- When do we get to see what Alpha looks like? The likely first time will be if/when there’s a Writers’ Room about her as we get a cover. If not that, we’ll get something eventually. Adam does have some drawings done of her, but they can’t show us those yet.
- Does Alpha have any kind of wolf instincts that she has to fight, even while in human form? What kinds of inner conflicts does she have to deal with? In stressful or dangerous situations she has to struggle to not just go full wolf. Given her position as a hero, that kind of situation crops up a lot and she’s trying to not reveal that she’s a wolf person in her normal life.
- Did her wolf form ever make a cameo appearance in Freedom Pets? No.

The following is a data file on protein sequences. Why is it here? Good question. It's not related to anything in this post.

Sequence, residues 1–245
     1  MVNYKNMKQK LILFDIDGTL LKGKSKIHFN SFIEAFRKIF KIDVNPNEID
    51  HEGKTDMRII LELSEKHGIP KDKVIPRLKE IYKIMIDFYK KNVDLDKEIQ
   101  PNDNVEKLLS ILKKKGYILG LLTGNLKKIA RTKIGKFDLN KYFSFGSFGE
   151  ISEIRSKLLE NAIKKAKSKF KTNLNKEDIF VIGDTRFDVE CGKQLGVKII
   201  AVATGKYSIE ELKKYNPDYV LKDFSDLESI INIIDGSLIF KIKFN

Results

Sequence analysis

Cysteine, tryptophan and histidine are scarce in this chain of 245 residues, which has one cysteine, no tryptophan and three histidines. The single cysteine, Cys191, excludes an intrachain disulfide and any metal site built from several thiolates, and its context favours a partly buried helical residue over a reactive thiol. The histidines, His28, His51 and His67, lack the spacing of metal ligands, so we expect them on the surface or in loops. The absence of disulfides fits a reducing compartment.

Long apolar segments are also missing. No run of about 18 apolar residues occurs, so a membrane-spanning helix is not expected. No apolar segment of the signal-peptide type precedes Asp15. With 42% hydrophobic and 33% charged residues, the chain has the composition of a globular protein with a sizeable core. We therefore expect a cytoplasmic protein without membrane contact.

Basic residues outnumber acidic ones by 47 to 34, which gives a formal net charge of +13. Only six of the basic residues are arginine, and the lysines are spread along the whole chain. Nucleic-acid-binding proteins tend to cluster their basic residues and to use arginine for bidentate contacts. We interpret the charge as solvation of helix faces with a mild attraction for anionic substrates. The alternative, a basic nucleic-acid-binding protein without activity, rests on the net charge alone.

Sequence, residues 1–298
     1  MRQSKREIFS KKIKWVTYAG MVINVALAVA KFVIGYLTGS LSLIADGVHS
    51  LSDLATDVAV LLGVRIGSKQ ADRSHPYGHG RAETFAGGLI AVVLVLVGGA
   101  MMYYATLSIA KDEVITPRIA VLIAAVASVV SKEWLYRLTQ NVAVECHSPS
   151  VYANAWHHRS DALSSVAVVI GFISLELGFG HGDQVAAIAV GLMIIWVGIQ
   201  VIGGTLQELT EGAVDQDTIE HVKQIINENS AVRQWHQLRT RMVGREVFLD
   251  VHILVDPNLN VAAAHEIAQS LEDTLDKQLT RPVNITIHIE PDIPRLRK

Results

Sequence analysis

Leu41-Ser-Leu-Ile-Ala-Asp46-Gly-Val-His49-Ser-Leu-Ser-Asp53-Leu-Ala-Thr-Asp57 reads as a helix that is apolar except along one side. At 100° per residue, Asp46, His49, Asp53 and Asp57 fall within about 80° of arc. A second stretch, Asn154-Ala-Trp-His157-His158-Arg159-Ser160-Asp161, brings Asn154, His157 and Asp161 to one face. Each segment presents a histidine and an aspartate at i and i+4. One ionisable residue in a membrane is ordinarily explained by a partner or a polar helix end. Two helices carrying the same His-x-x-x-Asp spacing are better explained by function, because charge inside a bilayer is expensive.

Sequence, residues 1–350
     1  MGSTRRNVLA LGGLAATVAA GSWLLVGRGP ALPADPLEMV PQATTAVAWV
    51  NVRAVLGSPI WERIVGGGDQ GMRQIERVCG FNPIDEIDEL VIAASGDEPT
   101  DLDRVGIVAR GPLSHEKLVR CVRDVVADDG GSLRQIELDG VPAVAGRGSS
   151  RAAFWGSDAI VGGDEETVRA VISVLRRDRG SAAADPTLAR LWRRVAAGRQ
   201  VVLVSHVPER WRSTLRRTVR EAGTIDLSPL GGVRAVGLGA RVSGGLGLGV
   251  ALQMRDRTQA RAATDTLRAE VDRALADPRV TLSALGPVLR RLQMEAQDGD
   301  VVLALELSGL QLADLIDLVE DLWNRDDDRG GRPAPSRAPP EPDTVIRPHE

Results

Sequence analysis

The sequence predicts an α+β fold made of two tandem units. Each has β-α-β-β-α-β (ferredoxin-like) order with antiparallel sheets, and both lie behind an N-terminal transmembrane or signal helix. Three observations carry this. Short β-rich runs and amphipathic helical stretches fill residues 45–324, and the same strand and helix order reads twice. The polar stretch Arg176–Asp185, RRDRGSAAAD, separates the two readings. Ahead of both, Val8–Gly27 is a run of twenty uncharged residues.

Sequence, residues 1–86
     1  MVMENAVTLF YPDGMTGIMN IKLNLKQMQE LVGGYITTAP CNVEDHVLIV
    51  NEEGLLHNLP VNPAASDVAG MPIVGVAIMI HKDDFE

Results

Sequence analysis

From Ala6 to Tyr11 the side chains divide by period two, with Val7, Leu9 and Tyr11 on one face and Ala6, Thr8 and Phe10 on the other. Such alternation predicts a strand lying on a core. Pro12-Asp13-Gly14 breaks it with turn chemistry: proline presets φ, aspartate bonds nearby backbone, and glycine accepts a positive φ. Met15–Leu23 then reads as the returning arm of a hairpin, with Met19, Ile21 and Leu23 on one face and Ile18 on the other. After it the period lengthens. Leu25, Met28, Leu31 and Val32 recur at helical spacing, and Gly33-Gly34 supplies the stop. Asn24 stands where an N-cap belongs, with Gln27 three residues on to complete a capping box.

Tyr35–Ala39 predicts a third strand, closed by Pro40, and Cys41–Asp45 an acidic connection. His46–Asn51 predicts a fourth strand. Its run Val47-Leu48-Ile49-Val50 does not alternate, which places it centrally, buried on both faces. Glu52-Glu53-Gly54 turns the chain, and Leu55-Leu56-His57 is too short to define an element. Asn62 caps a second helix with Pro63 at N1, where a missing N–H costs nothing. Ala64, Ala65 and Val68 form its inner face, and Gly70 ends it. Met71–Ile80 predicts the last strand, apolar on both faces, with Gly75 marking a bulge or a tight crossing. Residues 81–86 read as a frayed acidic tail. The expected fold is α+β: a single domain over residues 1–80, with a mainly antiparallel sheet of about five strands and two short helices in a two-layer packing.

- Who’s a good girl? Come on, man. She’s a lupine hero, not a canine hero. Be respectful. Werewolves find that super racist.
- Does she have a family that we see? The only family we know about was her mother who raised her until she got kidnapped (at which point we don’t see her again [and the implication in Christopher’s tone here is that she might have been killed, but I can’t tell if that’s the intent]), the father (whom she did not know was her actual biological father at the time when she killed him), and Apex who will refer to himself as her “grandfather” in kind of a mocking way given that he was the one who turned her father into a werewolf. Usually the only time that werewolves will think of the people they’ve turned as their “children” will be those cases where they kidnap and turn a baby that they then raise.